Josephine O. Edwards Guest Writer, The Xpress Train
The COVID 19 pandemic affected everyone on the planet. Everyday life was put on hold, and everyone was locked up indoors. This caused many to wonder what would come next.
Thanks to innovation, humanity rose to the occasion. We did away with our sharing economy and built an isolation economy.
The isolation economy featured something new. Something people all over the globe had previously thought to be impossible. We came up with an isolated existence.
Making use of technology trends, we continued life as usual, only digitally. Workers worked from home. Tourists and business people travelled over their devices.
Experts predicted that this would become the norm. Remote life had come to stay, and it was the future of socializing.
Now, governments all over the world are relaxing lockdown protocols. Businesses are now open. Schools and entertainment centers will soon follow.
This begs the question, what becomes of the Isolation economy?
Before the pandemic, we operated on an in-person model. Offices were filled with busy workers, and learning was done in the class.
The Isolation economy, on the other hand, saw a lot of remote activity. We held our meetings and classes online and visited museums digitally.
Are we just going to do away with this and go back to our old ways? Will the sharing economy return to be our norm?
Well, many experts say no. Instead, they predict that we will adopt a hybrid economy- a mix of the isolation economy and in-person work.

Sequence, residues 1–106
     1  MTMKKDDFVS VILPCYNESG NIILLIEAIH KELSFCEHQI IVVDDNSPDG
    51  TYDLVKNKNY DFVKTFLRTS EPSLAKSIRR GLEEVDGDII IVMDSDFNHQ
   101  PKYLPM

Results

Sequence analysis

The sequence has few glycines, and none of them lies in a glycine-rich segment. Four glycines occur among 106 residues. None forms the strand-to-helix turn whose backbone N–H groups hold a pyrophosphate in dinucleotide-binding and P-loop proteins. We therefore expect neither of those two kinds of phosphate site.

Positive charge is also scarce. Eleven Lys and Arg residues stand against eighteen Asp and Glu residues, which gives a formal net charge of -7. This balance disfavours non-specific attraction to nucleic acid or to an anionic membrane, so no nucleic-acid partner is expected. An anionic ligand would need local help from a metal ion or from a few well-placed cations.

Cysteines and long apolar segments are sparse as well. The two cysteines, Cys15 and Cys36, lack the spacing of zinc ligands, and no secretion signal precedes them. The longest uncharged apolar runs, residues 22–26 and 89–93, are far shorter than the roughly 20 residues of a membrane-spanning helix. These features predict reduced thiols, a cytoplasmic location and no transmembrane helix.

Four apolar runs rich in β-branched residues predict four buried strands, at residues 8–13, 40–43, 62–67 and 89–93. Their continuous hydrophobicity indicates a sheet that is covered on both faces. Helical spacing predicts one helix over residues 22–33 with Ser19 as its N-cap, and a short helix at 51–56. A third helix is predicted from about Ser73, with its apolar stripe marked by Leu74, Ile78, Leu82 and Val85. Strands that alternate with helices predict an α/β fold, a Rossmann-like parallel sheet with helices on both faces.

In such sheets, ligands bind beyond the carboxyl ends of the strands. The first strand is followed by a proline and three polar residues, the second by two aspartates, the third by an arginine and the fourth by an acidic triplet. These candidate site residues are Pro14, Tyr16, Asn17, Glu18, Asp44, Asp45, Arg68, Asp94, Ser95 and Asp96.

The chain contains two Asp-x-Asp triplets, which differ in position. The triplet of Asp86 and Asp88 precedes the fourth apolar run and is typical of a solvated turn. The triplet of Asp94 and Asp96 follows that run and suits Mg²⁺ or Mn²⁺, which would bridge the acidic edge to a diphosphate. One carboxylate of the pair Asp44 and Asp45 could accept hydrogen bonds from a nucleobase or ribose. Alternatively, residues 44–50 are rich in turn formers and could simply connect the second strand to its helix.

Why do they think so?
Well, take a look around, and you will see why. We have adjusted. It is no longer a myth, or an impossibility for us to do things remotely. And these appeal to a significant number of us.
Returning to office-space dictated work routines does not appeal to most workers. They would instead maintain their degree of freedom. This applies to students too.
Since all necessary education can be done online, they’d rather stay home and learn. It’s just way more convenient.
And it seems like the other side agrees.
Employers are now encouraging workers to work from home most of the month. Some even have co-working rosters with other employers to minimize operating costs.
Other businesses have a 2-days-a-week timetable for their workers. This keeping in line with social distancing protocols as well as giving workers the freedom they desire.
The education sector is more or less following the same trend. Classrooms are now digital, and assignments are done at home and submitted electronically.
In a world where mental health is becoming a priority, this hybrid economy might be the best. It removes a lot of social burden from individuals, giving them access to a much needed break from it all.
A hybrid economy promises the best of its predecessors. It grants the structure of the sharing economy alongside the ability to choose whether to partake or not.
So what does the future hold for the isolation economy? Nothing. It is projected to be replaced by a more fitting economic system.